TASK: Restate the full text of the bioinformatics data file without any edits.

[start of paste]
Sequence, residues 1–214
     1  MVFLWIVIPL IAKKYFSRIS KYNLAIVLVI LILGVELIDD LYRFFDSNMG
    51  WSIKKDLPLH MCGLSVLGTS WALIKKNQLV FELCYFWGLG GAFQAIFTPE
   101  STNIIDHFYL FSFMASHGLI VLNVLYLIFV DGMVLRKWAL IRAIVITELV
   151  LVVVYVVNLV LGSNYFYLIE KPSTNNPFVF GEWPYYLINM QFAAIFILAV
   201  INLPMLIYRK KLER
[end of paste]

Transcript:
Sequence, residues 1–214
     1  MVFLWIVIPL IAKKYFSRIS KYNLAIVLVI LILGVELIDD LYRFFDSNMG
    51  WSIKKDLPLH MCGLSVLGTS WALIKKNQLV FELCYFWGLG GAFQAIFTPE
   101  STNIIDHFYL FSFMASHGLI VLNVLYLIFV DGMVLRKWAL IRAIVITELV
   151  LVVVYVVNLV LGSNYFYLIE KPSTNNPFVF GEWPYYLINM QFAAIFILAV
   201  INLPMLIYRK KLER